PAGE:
There are only around 20 days a year when the law allows you to go down to the shoreline on the English Channel Island of Guernsey in search of a prized mollusc that, when French was the dominant language here until the late 19th Century, was known as oreille de mer (sea ear) – though one engaging variation dubbed it “Venus Ear”.
Now known as ormer, this is the most northerly member of the abalone family, with dozens of global cousins found in places as far apart as Senegal, Australia, Japan and California. But only in the Channel Islands are they gathered by hand off the seashore – and wrapped in a host of rules.
Ormers are as distinctive as Guernsey itself. The island has been a British Crown Dependency for 800 years, despite sitting a few miles off the coast of France. Rustic “parishes” bearing sturdy Anglo-Saxon names like St Sampsons and St Peters frame bays with Gallic names like Petit Bot and L’Ancresse, attracting painters like Renoir to capture their beauty.
This melange of national influences extends to an old island language now making a comeback in schools and the media after a couple of centuries in the doldrums. Rooted in ancient Norman French, Guernesiaise is used in official ceremonies, as well as naming traditional local dishes like the apple cake gâche mêlaïe (pronounced “gosh malar”).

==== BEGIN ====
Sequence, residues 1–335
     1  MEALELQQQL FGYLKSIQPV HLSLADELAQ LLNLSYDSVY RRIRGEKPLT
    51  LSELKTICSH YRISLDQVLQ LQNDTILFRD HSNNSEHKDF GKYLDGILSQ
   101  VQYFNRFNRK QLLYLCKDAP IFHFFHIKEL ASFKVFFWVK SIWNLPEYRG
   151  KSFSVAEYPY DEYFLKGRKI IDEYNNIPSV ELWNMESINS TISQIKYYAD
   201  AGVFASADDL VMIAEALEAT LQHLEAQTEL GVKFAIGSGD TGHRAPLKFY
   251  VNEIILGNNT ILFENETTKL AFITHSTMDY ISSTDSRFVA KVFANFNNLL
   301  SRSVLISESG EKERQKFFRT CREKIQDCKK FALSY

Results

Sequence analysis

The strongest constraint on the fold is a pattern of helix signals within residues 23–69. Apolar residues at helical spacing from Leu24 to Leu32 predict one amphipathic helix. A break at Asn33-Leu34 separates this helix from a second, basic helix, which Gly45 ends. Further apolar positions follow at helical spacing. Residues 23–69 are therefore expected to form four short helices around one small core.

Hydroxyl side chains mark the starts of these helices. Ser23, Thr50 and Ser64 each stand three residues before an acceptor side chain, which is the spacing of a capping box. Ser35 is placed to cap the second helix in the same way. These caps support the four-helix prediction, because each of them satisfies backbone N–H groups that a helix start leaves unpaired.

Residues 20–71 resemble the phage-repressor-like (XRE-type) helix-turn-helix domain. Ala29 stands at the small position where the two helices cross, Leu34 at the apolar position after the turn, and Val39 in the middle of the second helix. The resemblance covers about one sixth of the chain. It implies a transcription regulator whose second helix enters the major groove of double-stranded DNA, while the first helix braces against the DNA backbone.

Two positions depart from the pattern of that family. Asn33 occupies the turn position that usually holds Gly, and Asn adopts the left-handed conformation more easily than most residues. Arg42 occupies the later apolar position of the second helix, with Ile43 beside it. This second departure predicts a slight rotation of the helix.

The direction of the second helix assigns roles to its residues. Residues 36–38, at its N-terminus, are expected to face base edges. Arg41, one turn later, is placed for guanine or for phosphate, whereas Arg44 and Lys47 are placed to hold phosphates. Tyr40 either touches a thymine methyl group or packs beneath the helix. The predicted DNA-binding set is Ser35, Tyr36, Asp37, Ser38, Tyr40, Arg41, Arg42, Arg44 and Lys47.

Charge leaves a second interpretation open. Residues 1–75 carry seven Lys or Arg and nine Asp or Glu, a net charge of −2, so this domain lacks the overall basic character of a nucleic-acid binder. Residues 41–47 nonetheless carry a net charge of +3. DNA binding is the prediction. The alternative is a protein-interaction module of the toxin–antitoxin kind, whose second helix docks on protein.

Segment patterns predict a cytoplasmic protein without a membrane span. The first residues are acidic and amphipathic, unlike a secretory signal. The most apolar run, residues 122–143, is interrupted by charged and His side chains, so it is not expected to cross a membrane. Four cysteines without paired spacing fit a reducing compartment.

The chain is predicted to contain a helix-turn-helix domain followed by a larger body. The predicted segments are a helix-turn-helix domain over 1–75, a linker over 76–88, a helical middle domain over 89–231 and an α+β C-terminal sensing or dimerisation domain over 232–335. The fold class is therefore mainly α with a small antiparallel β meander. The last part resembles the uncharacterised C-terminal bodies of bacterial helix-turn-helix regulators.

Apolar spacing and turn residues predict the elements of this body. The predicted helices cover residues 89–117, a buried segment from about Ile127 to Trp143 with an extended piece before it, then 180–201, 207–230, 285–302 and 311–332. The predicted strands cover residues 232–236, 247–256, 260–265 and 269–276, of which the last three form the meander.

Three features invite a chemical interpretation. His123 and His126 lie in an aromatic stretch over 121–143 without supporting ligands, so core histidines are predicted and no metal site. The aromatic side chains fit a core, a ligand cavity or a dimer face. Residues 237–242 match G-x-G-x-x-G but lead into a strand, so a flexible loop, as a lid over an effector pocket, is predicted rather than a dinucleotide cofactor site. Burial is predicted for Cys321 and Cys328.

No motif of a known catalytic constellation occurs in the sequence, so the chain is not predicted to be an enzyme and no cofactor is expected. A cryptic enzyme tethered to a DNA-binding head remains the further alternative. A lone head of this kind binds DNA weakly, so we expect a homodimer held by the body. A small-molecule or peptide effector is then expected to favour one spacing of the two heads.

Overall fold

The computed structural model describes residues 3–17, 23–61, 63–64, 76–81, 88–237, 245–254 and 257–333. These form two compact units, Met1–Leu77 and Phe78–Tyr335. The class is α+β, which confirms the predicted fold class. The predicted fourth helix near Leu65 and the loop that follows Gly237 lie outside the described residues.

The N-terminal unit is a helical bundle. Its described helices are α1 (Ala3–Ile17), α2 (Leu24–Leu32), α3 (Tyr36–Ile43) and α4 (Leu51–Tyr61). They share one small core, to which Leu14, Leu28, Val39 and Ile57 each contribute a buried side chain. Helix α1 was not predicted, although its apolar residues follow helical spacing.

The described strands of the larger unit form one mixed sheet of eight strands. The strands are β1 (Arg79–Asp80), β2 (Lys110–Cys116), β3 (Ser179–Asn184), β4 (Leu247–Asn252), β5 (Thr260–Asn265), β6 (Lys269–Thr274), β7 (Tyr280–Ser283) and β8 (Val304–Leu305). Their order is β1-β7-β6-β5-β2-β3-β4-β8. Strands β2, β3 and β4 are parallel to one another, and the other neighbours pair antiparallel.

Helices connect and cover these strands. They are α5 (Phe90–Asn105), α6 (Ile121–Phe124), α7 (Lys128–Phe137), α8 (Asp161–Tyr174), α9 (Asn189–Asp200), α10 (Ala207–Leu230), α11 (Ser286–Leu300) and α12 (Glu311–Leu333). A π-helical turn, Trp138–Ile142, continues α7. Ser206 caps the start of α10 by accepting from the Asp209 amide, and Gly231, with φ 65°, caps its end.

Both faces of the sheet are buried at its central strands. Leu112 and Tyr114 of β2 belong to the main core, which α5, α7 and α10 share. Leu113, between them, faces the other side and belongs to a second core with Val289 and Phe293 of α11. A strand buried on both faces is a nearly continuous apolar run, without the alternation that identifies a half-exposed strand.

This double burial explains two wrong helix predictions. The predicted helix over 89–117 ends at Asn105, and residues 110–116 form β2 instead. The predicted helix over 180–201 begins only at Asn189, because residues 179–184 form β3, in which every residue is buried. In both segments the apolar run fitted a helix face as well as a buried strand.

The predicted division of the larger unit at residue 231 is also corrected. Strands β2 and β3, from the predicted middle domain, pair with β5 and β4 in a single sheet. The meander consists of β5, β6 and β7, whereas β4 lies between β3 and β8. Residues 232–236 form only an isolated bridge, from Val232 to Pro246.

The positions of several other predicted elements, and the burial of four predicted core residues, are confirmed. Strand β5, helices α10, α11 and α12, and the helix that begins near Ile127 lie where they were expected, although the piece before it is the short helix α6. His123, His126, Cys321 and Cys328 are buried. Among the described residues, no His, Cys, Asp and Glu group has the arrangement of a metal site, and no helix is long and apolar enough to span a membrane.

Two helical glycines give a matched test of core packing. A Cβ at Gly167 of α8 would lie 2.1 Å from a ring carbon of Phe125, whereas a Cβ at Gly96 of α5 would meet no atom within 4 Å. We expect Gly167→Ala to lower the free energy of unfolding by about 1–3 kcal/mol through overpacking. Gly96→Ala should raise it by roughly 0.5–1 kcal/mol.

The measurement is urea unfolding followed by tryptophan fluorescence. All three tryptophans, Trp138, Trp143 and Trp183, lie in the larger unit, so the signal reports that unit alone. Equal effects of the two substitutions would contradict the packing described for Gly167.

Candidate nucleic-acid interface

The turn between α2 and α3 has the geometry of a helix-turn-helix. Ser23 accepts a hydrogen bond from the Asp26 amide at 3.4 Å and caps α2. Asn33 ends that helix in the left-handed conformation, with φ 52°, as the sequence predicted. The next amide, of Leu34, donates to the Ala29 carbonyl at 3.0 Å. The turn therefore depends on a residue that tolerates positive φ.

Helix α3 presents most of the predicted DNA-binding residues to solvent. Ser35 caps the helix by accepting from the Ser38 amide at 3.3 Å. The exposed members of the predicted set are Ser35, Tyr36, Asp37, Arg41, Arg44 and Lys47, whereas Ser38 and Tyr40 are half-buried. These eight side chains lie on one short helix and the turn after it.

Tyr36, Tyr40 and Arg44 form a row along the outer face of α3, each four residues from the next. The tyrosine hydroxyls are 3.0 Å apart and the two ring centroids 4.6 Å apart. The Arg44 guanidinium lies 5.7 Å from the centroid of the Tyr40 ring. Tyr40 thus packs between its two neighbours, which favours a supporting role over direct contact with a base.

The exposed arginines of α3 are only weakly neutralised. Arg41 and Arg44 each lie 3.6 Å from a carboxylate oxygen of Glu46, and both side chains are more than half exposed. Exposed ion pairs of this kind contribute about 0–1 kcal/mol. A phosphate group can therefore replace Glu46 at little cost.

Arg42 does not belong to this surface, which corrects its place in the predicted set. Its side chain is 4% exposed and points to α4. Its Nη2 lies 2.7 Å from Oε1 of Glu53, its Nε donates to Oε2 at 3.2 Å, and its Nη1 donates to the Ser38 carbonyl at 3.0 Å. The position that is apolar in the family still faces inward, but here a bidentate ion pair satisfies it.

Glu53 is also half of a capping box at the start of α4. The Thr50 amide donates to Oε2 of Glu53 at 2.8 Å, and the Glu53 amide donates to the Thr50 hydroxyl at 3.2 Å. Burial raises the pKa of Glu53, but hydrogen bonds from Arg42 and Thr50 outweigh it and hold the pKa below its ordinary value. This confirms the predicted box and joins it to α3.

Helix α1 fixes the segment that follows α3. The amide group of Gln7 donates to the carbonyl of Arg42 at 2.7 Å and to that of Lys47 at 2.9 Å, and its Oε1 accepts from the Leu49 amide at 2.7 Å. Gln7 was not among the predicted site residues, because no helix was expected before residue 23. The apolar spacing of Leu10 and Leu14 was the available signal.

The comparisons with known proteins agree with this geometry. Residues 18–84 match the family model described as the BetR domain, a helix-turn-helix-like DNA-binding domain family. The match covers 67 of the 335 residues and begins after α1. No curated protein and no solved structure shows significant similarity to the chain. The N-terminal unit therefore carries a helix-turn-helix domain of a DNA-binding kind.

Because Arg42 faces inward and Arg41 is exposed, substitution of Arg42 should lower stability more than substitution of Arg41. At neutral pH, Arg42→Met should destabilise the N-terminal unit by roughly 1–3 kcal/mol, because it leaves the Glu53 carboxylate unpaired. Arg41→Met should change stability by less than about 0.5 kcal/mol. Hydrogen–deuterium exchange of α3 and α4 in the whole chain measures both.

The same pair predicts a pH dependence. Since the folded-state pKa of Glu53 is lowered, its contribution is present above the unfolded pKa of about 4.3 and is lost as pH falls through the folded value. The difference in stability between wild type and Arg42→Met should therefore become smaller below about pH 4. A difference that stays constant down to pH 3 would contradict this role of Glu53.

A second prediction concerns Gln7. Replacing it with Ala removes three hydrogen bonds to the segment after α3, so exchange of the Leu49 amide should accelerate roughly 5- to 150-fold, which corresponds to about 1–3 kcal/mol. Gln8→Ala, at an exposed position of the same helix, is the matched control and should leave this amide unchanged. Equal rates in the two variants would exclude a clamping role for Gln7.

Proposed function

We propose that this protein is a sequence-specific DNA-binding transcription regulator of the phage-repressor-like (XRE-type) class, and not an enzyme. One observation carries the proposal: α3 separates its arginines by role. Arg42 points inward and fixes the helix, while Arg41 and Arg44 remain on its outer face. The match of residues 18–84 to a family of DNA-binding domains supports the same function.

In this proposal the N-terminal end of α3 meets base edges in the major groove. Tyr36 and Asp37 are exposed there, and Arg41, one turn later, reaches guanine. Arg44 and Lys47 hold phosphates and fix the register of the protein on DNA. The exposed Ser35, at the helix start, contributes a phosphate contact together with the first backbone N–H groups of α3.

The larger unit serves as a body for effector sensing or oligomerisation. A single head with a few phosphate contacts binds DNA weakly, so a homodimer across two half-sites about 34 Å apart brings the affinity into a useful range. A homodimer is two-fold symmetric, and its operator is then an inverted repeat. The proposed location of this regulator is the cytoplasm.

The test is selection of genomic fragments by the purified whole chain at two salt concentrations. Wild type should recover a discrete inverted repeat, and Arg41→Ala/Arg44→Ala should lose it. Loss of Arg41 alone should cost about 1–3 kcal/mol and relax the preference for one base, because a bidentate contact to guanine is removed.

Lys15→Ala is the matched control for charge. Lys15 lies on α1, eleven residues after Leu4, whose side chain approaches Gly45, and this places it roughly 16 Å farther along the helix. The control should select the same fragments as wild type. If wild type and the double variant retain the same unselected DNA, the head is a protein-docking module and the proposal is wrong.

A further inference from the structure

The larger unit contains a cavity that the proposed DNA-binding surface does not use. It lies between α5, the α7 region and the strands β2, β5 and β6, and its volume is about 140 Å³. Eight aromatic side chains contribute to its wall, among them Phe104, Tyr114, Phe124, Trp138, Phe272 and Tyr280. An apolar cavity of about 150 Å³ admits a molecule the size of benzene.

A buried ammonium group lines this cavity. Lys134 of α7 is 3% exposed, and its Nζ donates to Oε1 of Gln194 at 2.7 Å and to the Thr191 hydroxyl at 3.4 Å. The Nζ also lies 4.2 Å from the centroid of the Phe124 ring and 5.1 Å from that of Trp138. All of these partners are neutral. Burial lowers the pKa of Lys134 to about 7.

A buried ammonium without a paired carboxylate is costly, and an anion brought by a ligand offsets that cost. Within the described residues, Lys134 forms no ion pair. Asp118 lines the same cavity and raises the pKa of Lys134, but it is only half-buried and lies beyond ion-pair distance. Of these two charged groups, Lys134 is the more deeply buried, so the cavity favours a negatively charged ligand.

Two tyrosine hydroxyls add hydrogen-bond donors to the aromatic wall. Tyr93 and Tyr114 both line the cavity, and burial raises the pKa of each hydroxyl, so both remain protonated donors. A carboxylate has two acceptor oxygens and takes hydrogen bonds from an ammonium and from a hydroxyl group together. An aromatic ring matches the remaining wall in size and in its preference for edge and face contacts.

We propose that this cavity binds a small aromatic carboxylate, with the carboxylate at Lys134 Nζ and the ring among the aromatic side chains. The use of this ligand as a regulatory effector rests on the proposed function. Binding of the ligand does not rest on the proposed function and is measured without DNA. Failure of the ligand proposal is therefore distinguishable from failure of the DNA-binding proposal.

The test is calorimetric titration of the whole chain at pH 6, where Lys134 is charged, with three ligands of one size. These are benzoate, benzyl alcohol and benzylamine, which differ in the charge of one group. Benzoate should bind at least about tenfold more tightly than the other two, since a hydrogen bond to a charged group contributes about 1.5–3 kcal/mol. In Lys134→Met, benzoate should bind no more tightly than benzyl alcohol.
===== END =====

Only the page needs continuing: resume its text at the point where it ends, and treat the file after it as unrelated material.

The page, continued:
Ormers are as distinctive as Guernsey itself
While you know what to expect from apple cake, ormers are harder to pin down. “They’re the Marmite of the mollusc menu,” admitted long-time ormer gatherer Peter Perrio. “People seem to either love them or hate them with equal intensity.”
For those who love them, the intensity is, well, pretty intense. One early culinary reference in 1673 described ormer as “much bigger than an oyster… but infinitely more pleasant to the gusto, so that an epicure would think his pallat in paradise if he might but always gormandise on such delitious ambrosia”.
Three centuries later, in his 1981 work The Book of Ebenezer LePage – a fictional reflection of one man’s life on Guernsey – Gerald Basil Edwards wrote: “The food I like best of all foods is ormers; [but] I can’t say what ormers taste like. They are not like fish, flesh or fowl. They are like no other food on Earth.”